Teachers share thoughts about romance

by Karli Coleman and Mia Boutelle

The following are interviews with FC teachers in regards to love at first sight. If interested in the printed story, pick up a copy of the March issue of the Bagpiper.

Bagpiper: How do you show your love for your significant other?

Government & economics teacher Trent McNeeley:  “You know, it’s kind of interesting. Love is definitely something you have to show more than say. Although we do say it a lot, we are a fairly expressive family. It’s really more showing it through the little things: being courteous to one another, being respectful to one another. We’ve argued at times, but neither one of us ever yells at one another; we don’t call each other names, we don’t do anything at all like that. We’re very respectful whenever we try to work stuff out, and I think that’s very important. And we try to do little things for each other. She does a lot more for me than I do for her; she’s a lot more thoughtful than I am and that’s definitely helped.”

NJROTC Senior Chief Michael Beal: “One thing you don’t do is get her [Karen] a card. She used to work at Hallmark, so I can’t do cards. But when I was in the Navy during my first tour, I would write her every day, and she would write me every day. Back then, it was snail mail, and you got your mail from a helicopter because we were out at sea. The helicopter would come and deliver the bag of mail and I would receive 10 letters and everyone else would receive two. I would just write her every day.”

Science teacher Michelle Harbison: “Patience. You listen to them, you spend time with them, you give them their space, you make them a priority, you give them hugs, bring them salad home for dinner sometimes, bring them polar pops when they’re mowing the grass, you go on bike rides with them, you share responsibilities for the house and child rearing, you are a partner.”

English teacher Karen Estus: “I do nice things, you know small things. I call or text throughout the day and tell him that I am thinking about him. Or if I am at the store I’ll pick up something that I know he likes, not anything that’s really expensive, we don’t necessarily do a lot of gifts, but often I’ll just pick up some candy that I know he likes. I just do nice things for him, small things, just being polite and nice and kind and understanding.”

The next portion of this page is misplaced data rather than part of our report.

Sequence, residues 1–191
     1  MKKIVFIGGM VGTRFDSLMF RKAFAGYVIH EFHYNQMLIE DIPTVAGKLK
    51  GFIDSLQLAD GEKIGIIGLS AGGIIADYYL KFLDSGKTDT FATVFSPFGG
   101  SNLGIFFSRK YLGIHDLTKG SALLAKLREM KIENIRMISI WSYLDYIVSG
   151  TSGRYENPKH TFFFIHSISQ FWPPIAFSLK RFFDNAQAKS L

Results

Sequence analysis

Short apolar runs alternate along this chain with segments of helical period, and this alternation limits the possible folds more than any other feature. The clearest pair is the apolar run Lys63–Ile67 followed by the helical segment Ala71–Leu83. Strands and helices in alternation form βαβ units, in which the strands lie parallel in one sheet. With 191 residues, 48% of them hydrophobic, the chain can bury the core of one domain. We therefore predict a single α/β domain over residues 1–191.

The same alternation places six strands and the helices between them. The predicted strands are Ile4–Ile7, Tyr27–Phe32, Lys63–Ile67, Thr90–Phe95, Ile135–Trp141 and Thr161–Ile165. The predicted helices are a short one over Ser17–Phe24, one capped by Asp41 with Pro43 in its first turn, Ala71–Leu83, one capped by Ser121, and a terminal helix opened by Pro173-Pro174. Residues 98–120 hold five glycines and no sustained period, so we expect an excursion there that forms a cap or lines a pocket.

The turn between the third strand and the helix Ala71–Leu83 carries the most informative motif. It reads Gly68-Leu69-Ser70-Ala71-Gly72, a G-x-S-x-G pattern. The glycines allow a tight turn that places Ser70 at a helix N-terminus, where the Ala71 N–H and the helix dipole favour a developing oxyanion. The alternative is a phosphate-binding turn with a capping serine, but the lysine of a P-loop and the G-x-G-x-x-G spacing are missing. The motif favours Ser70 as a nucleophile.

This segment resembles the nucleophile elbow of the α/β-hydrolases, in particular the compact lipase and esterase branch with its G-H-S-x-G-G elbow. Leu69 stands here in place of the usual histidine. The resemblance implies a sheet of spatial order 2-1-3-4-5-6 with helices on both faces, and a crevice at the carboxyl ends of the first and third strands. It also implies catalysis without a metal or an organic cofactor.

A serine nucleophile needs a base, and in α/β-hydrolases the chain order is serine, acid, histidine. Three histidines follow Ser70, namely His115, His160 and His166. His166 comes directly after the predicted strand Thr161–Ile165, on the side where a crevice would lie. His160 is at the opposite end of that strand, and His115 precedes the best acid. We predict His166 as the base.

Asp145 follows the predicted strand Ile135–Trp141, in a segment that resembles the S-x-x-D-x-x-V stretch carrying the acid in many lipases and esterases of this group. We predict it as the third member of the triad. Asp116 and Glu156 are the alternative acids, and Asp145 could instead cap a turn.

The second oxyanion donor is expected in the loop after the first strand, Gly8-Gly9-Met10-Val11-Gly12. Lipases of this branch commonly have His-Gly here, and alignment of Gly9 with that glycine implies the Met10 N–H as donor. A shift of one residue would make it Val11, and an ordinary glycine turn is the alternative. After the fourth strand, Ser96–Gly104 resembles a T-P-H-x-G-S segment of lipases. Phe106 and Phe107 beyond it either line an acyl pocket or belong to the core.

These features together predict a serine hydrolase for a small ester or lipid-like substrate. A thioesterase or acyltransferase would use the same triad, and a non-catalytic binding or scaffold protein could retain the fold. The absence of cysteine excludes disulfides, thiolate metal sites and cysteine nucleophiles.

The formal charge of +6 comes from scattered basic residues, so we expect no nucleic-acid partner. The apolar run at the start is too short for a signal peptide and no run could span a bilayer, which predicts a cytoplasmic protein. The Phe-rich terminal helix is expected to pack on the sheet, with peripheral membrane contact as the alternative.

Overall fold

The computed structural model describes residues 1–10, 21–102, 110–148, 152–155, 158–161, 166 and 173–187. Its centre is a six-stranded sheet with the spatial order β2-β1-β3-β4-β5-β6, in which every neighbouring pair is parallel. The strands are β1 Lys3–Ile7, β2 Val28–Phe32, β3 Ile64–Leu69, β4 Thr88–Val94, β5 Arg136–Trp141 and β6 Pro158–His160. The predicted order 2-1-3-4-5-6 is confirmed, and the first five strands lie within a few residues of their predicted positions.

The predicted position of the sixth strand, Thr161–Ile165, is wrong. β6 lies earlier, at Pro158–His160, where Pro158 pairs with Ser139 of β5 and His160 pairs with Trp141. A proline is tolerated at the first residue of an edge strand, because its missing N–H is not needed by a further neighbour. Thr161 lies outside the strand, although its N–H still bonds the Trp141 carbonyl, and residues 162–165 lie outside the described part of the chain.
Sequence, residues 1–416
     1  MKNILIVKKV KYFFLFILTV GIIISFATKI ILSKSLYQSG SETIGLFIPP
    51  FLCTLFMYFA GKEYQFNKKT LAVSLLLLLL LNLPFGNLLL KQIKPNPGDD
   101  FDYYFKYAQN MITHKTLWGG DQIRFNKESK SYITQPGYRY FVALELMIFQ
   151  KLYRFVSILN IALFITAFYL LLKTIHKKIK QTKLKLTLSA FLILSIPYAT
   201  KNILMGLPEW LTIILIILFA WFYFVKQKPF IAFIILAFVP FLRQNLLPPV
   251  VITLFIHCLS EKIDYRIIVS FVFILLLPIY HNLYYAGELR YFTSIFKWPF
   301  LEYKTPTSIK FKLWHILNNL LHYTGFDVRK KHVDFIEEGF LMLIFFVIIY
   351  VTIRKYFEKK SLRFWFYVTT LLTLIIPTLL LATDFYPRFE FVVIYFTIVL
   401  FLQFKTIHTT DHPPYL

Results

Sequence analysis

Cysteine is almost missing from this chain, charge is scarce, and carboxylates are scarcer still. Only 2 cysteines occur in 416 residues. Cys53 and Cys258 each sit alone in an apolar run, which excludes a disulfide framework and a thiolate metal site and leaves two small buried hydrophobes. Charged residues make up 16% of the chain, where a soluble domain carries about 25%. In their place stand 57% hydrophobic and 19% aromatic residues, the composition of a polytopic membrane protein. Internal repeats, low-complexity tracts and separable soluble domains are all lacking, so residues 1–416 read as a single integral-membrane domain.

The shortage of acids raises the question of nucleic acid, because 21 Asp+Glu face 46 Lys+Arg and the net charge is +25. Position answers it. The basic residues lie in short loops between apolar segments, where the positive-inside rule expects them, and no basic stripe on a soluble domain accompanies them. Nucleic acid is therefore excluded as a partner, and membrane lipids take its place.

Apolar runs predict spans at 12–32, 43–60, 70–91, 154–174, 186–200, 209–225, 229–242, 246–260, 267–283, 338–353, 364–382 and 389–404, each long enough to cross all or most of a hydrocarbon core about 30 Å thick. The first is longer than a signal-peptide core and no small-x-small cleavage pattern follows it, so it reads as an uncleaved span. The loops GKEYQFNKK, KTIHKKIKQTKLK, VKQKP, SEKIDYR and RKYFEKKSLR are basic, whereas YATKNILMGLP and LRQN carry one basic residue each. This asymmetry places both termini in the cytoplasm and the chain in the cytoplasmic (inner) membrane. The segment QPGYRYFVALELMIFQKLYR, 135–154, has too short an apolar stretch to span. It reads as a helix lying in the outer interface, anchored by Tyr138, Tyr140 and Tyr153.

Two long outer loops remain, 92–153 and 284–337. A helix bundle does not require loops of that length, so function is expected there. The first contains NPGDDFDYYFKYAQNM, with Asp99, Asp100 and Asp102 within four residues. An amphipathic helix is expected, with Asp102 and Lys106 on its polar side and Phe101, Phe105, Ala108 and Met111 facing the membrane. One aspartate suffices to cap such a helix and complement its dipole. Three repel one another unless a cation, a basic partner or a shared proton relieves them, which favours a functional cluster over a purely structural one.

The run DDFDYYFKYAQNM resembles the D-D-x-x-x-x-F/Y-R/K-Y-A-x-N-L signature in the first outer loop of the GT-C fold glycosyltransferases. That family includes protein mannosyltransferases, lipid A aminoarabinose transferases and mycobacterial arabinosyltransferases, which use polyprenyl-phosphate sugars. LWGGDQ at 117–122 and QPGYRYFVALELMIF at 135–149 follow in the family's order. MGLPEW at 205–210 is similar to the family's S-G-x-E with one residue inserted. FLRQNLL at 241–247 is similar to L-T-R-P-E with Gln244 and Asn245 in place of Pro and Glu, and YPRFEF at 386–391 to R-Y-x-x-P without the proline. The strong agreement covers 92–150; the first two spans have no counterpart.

BP: Do you believe in “love at first sight?”

TM: “It’s tricky. I think there is attraction at first sight and that was definitely the case with me. I can still picture her vividly in my brain when I was sitting on a couch in the commons area at Reid Hall and I saw her walk in. She was actually the roommate, while we were there at HSJI, of someone who went to my high school. When she came down, it was just like, ‘Wow.’ I was stunned. There was just something about her that stopped me in my tracks. And so I thought that it was love at first sight, but really looking back on it, it was an attraction. I like to think that love really does come from that respect and caring and getting to know somebody. So, you can have attraction at first sight, but I think love is something that is acquired.”

MB:  “I do, because it happened for me.”

MH:Yeah I think that can happen! I really do. I’ve known that that has happened too. It’s probably something that you’re observing more than you’re attracted to them, it’s interesting, there’s something someone says or does, so yeah I believe in it. I don’t think it happens for everyone, even if it doesn’t happen to you, doesn’t mean you can’t find somebody to love. For those that that happens to, oh lucky them.”

Latin teacher Tim Harbison: “Yes, I can remember seeing [Michelle] in our seventh grade home room and having one of my buddies call her up on the phone and talk to her for me.”

KE: “I don’t necessarily agree with the meaning if you break that down I really don’t think there is such thing as love at first sight. I think you can have that connection with someone, you can be physically attracted to someone. Upon first meeting someone you can realize that you get along and you have a lot in common, but I think love is a deeper emotion than can really be pinpointed to a first sight or a first meeting type of thing.”


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